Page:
Nature notes: discovering winter’s treasures

Look for these creatures and early wildflowers during our wettest months

China Camp explodes with life once winter rains arrive. New shoots pop up seemingly overnight, brightening the ground with a veil of green. Creatures appear, looking for mates in the wet and mossy forest and in our wetlands. Here’s a look at some of the natural treasures you can experience on a wintertime visit to the park. 

Amphibians arise: stop, look, and listen

Chorus frogs range in color from muddy browns, like this little guy, to bright green.

Walk Shoreline Trail this time of year and you’ll likely get quite an earful of Sierran chorus frogs (Pseudacris sierra). When winter rains arrive at China Camp, these small, well-camouflaged frogs (usually a mottled mix of greens and browns) leave the forest and head to our marshy meadows to breed and lay eggs.

Though their coloring and size make individuals hard to spot, chorus frogs en masse can’t be missed—at least by ear. Hike the Back Ranch Meadows Campground access road or the road to Miwok Meadows and stand still for a moment. (The frogs go silent when they sense movement.) You’ll soon enjoy the nearly deafening chorus of countless little frogs, all vying to charm a mate.

Other amphibians can be easier to spot—if you look down. California newts (Taricha torosa), pictured at the top of this page, also called orange-bellied newts, start marching through China Camp’s forests once rains come, heading for seasonal creeks and ponds to lay their eggs. So do rough-skinned newts (Taricha granulosa), which closely resemble California newts. (Both have rusty gray or orange-brown bodies with rumpled skin and bright orange bellies.) Look but don’t touch these bug-eyed little cuties: their skin contains a potent neurotoxin. And if you’re riding a mountain bike, please slow down so you don’t inadvertently injure or kill a newt or other creepy crawlie.

First wildflowers begin to pop

Nodding on slender stalks, milkmaids are some of China Camp’s earliest wildflowers.

Say wildflowers and you probably think springtime. But here at China Camp, first blooms start “springing” (sorry, we couldn’t resist) as soon as winter rains drench the soil. Some of the first blooms you’re likely to see are dainty milkmaids (Cardamine californica). Look for multiple four-petaled blooms ranging from creamy white to blush pink, dancing on thin stems about a foot above the ground, usually in the shadowy woods or edges of meadows throughout the park.

Big name, tiny flower—fetid adder’s tongue is a minute lily that hugs the forest floor.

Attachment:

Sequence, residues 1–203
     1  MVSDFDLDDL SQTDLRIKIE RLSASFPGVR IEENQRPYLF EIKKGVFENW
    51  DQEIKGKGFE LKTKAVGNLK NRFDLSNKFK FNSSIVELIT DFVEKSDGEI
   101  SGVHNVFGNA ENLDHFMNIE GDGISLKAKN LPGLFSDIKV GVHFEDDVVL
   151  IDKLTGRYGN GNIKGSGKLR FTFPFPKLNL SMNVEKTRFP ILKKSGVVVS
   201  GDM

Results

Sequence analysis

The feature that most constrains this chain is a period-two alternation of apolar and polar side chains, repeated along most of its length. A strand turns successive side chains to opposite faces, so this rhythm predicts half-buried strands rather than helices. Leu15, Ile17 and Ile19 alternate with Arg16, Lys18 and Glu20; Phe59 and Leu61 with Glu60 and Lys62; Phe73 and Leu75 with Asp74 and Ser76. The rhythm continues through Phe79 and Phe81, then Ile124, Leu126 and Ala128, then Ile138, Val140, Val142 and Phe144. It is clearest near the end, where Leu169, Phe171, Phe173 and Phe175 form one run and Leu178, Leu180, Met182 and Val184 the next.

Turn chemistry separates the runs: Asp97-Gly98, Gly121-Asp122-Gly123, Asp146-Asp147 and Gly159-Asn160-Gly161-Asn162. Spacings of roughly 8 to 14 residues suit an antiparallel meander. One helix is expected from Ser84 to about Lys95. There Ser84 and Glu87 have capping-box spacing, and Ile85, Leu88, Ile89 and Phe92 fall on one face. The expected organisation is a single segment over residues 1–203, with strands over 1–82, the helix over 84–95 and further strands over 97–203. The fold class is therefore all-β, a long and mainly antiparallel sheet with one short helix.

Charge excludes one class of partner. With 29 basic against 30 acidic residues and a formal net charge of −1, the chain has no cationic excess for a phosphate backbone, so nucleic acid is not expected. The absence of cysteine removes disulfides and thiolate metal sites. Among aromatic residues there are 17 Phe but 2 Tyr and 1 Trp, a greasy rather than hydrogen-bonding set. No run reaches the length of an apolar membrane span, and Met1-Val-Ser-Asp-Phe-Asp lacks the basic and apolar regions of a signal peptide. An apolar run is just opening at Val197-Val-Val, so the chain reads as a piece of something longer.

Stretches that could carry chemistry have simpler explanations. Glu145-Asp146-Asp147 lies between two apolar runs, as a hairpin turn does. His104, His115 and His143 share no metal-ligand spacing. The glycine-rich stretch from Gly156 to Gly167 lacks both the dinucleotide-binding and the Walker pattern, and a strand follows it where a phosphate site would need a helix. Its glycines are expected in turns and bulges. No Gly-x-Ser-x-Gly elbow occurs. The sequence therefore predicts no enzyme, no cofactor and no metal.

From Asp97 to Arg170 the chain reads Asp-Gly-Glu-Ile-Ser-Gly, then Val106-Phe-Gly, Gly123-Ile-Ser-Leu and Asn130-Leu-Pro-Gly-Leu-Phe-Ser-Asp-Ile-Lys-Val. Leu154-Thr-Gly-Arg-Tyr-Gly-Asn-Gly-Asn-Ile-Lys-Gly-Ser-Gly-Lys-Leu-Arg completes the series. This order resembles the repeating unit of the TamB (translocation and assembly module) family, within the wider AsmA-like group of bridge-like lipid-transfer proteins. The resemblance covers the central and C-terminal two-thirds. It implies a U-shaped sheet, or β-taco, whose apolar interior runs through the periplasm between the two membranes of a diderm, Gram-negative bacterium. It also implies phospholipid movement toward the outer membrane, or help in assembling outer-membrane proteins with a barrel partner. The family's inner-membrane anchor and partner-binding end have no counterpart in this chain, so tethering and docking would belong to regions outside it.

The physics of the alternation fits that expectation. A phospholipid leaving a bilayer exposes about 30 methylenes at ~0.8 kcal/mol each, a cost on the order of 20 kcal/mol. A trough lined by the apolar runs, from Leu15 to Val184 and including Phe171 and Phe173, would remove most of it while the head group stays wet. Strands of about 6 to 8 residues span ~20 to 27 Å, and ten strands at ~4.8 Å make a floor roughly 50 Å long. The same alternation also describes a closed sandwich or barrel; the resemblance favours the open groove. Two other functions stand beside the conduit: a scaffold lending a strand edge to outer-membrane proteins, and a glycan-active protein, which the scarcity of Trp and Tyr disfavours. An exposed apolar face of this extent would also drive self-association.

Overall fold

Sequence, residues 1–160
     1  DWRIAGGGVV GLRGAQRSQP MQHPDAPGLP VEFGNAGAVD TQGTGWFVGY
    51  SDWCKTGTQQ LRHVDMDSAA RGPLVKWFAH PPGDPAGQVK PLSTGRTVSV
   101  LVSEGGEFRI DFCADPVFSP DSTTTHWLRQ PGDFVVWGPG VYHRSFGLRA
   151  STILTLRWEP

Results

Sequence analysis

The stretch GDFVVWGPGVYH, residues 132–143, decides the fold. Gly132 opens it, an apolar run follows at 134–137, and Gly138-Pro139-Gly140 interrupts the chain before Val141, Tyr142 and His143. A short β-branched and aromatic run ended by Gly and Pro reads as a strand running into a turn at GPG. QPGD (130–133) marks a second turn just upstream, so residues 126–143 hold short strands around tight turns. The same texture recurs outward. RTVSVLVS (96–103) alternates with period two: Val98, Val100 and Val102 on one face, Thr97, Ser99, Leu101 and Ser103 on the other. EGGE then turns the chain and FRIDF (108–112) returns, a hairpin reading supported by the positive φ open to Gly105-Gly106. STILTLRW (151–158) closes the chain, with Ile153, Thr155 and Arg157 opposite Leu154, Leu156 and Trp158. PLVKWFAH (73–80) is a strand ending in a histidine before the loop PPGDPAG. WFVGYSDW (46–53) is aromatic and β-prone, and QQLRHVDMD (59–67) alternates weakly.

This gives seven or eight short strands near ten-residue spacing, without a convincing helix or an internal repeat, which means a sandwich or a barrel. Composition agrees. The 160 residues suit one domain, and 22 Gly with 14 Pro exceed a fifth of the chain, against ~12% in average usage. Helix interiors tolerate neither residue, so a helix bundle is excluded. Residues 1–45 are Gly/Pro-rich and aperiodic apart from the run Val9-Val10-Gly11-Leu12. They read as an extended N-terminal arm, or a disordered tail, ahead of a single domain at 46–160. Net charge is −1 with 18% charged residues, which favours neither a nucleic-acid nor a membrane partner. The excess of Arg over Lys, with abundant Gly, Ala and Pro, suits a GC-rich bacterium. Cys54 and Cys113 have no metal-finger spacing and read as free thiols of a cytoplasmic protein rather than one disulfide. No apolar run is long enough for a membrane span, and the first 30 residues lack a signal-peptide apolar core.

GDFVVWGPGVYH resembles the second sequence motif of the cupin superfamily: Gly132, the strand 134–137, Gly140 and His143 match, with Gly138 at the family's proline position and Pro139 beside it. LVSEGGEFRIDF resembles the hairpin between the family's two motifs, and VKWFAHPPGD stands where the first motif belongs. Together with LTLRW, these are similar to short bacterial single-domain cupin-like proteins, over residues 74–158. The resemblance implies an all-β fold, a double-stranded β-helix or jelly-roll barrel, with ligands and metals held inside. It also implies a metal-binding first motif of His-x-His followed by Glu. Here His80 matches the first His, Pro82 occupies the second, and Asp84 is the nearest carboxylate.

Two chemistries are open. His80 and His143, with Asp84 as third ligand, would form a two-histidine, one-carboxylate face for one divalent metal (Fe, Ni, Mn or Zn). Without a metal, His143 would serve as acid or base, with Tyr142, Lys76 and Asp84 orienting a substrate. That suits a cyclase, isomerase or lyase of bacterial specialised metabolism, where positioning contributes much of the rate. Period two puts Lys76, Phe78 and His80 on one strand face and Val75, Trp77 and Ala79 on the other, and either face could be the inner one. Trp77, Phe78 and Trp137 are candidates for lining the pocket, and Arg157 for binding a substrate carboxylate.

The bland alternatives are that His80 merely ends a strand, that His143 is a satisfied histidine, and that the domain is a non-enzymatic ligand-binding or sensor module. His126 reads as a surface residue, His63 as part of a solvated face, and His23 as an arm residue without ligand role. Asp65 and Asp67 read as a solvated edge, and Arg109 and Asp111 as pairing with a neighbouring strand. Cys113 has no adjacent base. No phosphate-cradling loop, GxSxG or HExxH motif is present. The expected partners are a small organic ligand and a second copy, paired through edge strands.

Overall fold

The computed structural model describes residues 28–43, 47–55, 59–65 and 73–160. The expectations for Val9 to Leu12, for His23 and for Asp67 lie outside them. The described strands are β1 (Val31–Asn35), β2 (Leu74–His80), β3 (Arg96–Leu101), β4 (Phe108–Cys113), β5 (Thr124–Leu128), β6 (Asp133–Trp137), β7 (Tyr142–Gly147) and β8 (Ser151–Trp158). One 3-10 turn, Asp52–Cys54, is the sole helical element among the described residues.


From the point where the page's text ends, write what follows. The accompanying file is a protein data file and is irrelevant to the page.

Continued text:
Another early bloomer has a mouthful of a name: fetid adder’s tongue (Scoliopus bigelovii). The rather bizarre name refers to two features of this intriguing early-blooming lily. First, the tiny flowers, which sport a trio of creamy-white petals scribed with burgundy pinstripes, are said to give off the faint scent of rotten (or fetid) meat, which aims to attract pollinating gnats. 

As for the second feature, the “adder’s tongue” part of the name, it refers to the large leathery leaves (glossy green with tan splotches), which poke out of the ground just after the flowers. Since the flowers can be tough to spot, look for the green tips of the leaves poking out of the soil, then search for the flowers. Target the well-shaded banks rising above the wettest, shadiest parts of Shoreline and Bay View Trails—it helps to get low to the ground and scan for the flowers. Once you see one little bloom, you’ll get the hang of it, and likely spot more.

Manzanita has clusters of bell-shape blooms.

Manzanita also blooms early here. Both varieties that grow at China Camp—Parry manzanita (Arctostaphylos manzanita ssp. manzanita) and Eastwood manzanita (Arctostaphylos glandulosa ssp. glandulosa) have clusters of bell-shape blooms.

Manzanita’s white to pale pink flowers have a sweet scent with hints of warm honey, and are favorites of our resident Anna’s hummingbirds, who will stake out and loudly defend a favorite bush or stand of flowering manzanita. After a windy storm, the tiny bells often sprinkle the ground like floral confetti.

Nesting time for birds of prey 

While most of China Camp’s birds start nesting in spring, some of our most impressive species nest earlier. Birds of prey at the park, including red-tailed and red-shouldered hawks, Cooper’s hawks, and assorted owl species, typically nest as early as February. The early-bird timing helps give young hawks and owlets plenty of time to develop their hunting skills before they flap away on their own.

An osprey, which typically starts nesting in winter in our area, nabs a scaly meal.

While hawk and owl nests may be tucked away in parts of the park where you won’t likely see them, there is one species that’s built a very visible nest near the park. A pair of ospreys (Pandion haliaetus) typically return to their nest that crowns one of the tall electrical towers just outside the park’s northwestern boundary, along N. San Pedro Road. Bring binoculars to check out the large tower-topping nest (used year after year), but do not disturb adult ospreys or their young, which typically stay in the nest until August.—by FOCC volunteer Harriot Manley

Photos: (newt) courtesy of National Park Service, (frog) Ron Wolf/Flickr Creative Commons, (flowers) Harriot Manley/FOCC, (osprey) Andy Morrfew/Flickr Creative Commons